ALED JONES, CARDIFF - Professional Standards Authority

advertisement
Workplace initiatives and
employees’ views about whistleblowing and raising concerns in
health and social care.
Dr Aled Jones & Prof Danny Kelly
School of Healthcare Sciences,
Cardiff University
The study
Commissioned and
undertaken on behalf of
the Older People’s
Commissioner for Wales.
Exploring factors which
inhibited/promoted
raising concerns in the
health and social care
workplace.
Background: organizational failure and
silence
• Healthcare literature often suggests
that when organizations
“unexpectedly” fail employees
remain “silent”
• Silence is the “dominant response
within many organisations”
(Morrison and Milliken 2000: 707)
• “Cultures of silence exist” within
healthcare (Moore and McAuliffe
2012: 333).
An alternative view……
• Catastrophic organizational failure is rarely
“unexpected” event for employees.
• Organizations are often “noisy” and full of
“chatter” related to “staff concerns”
• A period of time exists when emerging problems
can be detected; “incubation periods” (Turner
1976, Vaughan 1990) exist.
• Evidence – every public inquiry into health failure
since 1967; sociology of disaster literature.
The study
• 60 interviews (individual & focus group)
• Participants recruited from hospitals, nursing homes,
residential care, domiciliary care.
• Included: Managers, staff nurses, care assistants,
physiotherapists, ancillary workers (Cleaners, kitchen
staff), student nurses.
Managing the workforce & workplace
behaviour
• Were employees encouraged to raise
concerns?
• Managerial interventions existed on a ward or
team level – creating spaces/opportunities for
employees to raise issues and concerns
• Which counter-balanced:
• Norms/behaviours which suppresses
employee concerns being raised.
Management
interventions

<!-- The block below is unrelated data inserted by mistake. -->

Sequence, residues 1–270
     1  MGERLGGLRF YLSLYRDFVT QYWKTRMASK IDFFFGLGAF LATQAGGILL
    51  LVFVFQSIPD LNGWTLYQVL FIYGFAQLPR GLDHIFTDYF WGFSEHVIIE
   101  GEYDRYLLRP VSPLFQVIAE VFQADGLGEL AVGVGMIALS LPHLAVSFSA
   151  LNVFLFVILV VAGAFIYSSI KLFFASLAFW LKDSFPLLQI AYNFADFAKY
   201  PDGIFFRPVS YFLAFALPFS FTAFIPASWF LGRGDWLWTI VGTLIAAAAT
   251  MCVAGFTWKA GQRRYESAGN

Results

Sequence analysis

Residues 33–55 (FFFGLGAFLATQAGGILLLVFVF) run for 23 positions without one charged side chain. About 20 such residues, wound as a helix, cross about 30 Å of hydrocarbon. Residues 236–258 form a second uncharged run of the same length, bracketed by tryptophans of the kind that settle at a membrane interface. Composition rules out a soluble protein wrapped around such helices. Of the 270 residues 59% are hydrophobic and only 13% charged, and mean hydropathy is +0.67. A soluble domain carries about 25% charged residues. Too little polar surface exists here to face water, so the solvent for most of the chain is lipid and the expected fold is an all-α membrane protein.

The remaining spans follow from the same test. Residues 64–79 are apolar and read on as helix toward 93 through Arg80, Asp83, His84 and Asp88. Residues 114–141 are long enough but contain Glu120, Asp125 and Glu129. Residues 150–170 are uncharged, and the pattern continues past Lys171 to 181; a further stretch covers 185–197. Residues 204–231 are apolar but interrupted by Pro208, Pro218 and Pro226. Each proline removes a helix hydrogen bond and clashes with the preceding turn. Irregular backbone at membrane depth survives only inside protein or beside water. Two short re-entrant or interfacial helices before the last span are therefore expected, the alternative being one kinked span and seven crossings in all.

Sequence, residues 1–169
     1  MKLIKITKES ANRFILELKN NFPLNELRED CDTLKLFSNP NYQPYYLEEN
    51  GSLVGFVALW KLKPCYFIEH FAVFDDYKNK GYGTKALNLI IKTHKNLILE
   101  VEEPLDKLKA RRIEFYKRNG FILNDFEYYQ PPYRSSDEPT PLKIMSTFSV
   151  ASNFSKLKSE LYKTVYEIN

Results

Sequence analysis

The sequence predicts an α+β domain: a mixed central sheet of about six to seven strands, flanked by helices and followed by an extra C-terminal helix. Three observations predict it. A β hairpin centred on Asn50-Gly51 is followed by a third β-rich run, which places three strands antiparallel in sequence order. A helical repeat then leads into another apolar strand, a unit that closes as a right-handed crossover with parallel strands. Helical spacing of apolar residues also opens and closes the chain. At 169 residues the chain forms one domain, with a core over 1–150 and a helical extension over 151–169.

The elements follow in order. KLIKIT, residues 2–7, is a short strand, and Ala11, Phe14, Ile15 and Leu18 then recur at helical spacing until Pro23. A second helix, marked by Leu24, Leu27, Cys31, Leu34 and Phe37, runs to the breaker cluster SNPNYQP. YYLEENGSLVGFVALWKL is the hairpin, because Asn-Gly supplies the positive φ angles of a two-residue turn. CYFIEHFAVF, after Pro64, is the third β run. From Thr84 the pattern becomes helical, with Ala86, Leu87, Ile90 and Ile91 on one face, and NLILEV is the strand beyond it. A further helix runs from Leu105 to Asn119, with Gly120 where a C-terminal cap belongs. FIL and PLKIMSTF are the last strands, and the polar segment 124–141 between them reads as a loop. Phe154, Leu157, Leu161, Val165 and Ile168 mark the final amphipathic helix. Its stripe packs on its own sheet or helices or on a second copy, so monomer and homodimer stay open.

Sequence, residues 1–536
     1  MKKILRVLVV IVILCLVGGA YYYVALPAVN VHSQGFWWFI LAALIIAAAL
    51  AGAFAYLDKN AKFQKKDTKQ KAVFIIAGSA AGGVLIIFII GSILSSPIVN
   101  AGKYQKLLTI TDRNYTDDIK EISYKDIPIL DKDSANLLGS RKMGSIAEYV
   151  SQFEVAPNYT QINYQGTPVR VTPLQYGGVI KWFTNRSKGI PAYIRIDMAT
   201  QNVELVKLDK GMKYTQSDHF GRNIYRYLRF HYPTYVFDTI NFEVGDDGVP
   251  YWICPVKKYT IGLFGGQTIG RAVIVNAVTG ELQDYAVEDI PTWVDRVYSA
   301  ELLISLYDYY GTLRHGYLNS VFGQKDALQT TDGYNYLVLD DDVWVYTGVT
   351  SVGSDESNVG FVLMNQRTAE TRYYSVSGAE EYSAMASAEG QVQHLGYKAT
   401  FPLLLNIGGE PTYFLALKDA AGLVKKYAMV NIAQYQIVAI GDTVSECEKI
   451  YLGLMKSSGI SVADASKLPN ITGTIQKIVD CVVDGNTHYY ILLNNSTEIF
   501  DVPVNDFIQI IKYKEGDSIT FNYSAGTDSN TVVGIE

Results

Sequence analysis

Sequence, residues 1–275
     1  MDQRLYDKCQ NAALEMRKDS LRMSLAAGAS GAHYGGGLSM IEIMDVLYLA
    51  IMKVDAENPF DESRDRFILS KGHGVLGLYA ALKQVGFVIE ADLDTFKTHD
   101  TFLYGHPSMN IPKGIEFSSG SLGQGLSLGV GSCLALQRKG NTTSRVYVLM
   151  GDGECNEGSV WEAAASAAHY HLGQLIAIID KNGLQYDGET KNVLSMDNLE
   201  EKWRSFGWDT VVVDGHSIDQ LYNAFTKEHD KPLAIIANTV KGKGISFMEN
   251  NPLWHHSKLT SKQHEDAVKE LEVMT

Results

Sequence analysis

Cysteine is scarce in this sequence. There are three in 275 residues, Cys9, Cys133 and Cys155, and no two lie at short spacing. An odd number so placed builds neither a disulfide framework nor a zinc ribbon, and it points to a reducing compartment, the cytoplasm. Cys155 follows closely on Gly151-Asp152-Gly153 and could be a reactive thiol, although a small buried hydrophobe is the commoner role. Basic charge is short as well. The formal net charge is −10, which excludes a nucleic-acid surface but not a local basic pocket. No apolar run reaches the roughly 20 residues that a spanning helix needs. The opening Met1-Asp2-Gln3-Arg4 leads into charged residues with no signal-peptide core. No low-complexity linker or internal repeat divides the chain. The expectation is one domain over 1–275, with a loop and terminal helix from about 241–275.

Workplace
“Management” information
generating and seeking interventions
• Range of “socio-material” interventions at a ward
or team level.
• Staff induction communicated that that continual
feedback/interaction is an expectation and
prosocial behaviour.
• Team meetings arranged - fixed/open agenda.
• “Open door policy” – creates/signals interactional
space.
• Suggestion/feedback boxes – issues then
discussed at meetings.
Open door and team meetings as
“information ground”
• Creating an information sharing space (“information
ground”) in team meetings for staff to vent their
feelings and gain mutual support.
• Useful as there has been a demise of informal
information grounds such as the morning tea break
ritual, staff rooms, doctors’ mess….etc
• Which historically provided time, space and a
workplace environment for front-line nurses, doctors
and other care workers (Lee 2001; Nettleton et al
2008).
Lee, D. (2001) The morning tea break ritual: a case study, International Journal of Nursing Practice, 7, 2, 69–73
Nettleton S et al (2008) Regulating medical bodies? The consequences of the modernisation of the NHS and the
disembodiement of clinical knowledge. Soc Health and Illness 30:2
Formative spaces
• They combine support and challenge in a high
trust environment, which is backed by a strong
professional ethos and in which participants
feel safe enough to bring personal and
professional dimensions together (McGivern
et al 2009).
Information grounds and spaces – any
role for regulation?
• Should informal information sharing spaces and
opportunities be regulated for and the data
captured e.g. through statutory supervision?
• Statutory Supervision of Midwives – ineffective in
Morecambe Bay.
• Consultation around regulation of nurses – the
need for mandatory supervision and
documentation?
• How do practitioners view regulators?
Regulators – practitioners view
• Disproportionate - “Heavy handed”; “Overreaction”; ineffective when needed.
• Codes of conduct limited or no use as a resource
for practitioners.
• Heightened practitioners awareness of need for
defensive practices - “protect yourself first”
• Alternatively - personal ethics – frequently
provided a “reaction point” …..”if that was
my…..mother/brother/grandparent”
The way forward – right-touch
regulation
• Right-touch regulation recognises that there is
usually more than one way to solve a problem
and that regulation is not always the best
answer. It may be more proportionate, for
instance, to promote greater cooperation and
sharing of good practice.
• Professional and personal practice
Jones A and Kelly D (2014) Whistle-blwoing and
workplace culture in older peoples’ care:
qualitative insights from the health and social care
workforce. Sociology of Health & Illness (in press)
Kelly, D. M. and Jones, A. (2014) When care is
needed: The role of whistle blowing in promoting
best standards from an individual and
organisational perspective. Quality in Ageing (in
press)
• Thanks to those who participated in the study.
• Ann Gallagher (Surrey Uni), Tricia Brown (Cardiff
Uni), for contributing to final report and being
“critical friends” to the project.
• The Study Advisory group
• Older People’s Commissioner for Wales for
funding the study.
• [email protected]
Download